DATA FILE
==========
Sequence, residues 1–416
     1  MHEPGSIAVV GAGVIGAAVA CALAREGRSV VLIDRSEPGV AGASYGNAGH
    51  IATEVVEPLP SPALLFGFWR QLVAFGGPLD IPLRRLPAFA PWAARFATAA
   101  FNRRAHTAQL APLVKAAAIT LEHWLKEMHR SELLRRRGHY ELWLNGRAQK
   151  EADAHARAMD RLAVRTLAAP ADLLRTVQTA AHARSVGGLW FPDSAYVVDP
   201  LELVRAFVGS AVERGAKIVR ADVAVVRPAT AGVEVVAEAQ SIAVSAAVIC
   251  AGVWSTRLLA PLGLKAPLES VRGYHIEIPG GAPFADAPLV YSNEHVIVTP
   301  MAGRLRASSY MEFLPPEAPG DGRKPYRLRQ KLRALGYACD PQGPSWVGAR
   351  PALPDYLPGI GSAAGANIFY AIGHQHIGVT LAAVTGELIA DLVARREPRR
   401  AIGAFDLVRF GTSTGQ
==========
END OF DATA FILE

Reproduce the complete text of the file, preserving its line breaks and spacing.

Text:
Sequence, residues 1–416
     1  MHEPGSIAVV GAGVIGAAVA CALAREGRSV VLIDRSEPGV AGASYGNAGH
    51  IATEVVEPLP SPALLFGFWR QLVAFGGPLD IPLRRLPAFA PWAARFATAA
   101  FNRRAHTAQL APLVKAAAIT LEHWLKEMHR SELLRRRGHY ELWLNGRAQK
   151  EADAHARAMD RLAVRTLAAP ADLLRTVQTA AHARSVGGLW FPDSAYVVDP
   201  LELVRAFVGS AVERGAKIVR ADVAVVRPAT AGVEVVAEAQ SIAVSAAVIC
   251  AGVWSTRLLA PLGLKAPLES VRGYHIEIPG GAPFADAPLV YSNEHVIVTP
   301  MAGRLRASSY MEFLPPEAPG DGRKPYRLRQ KLRALGYACD PQGPSWVGAR
   351  PALPDYLPGI GSAAGANIFY AIGHQHIGVT LAAVTGELIA DLVARREPRR
   401  AIGAFDLVRF GTSTGQ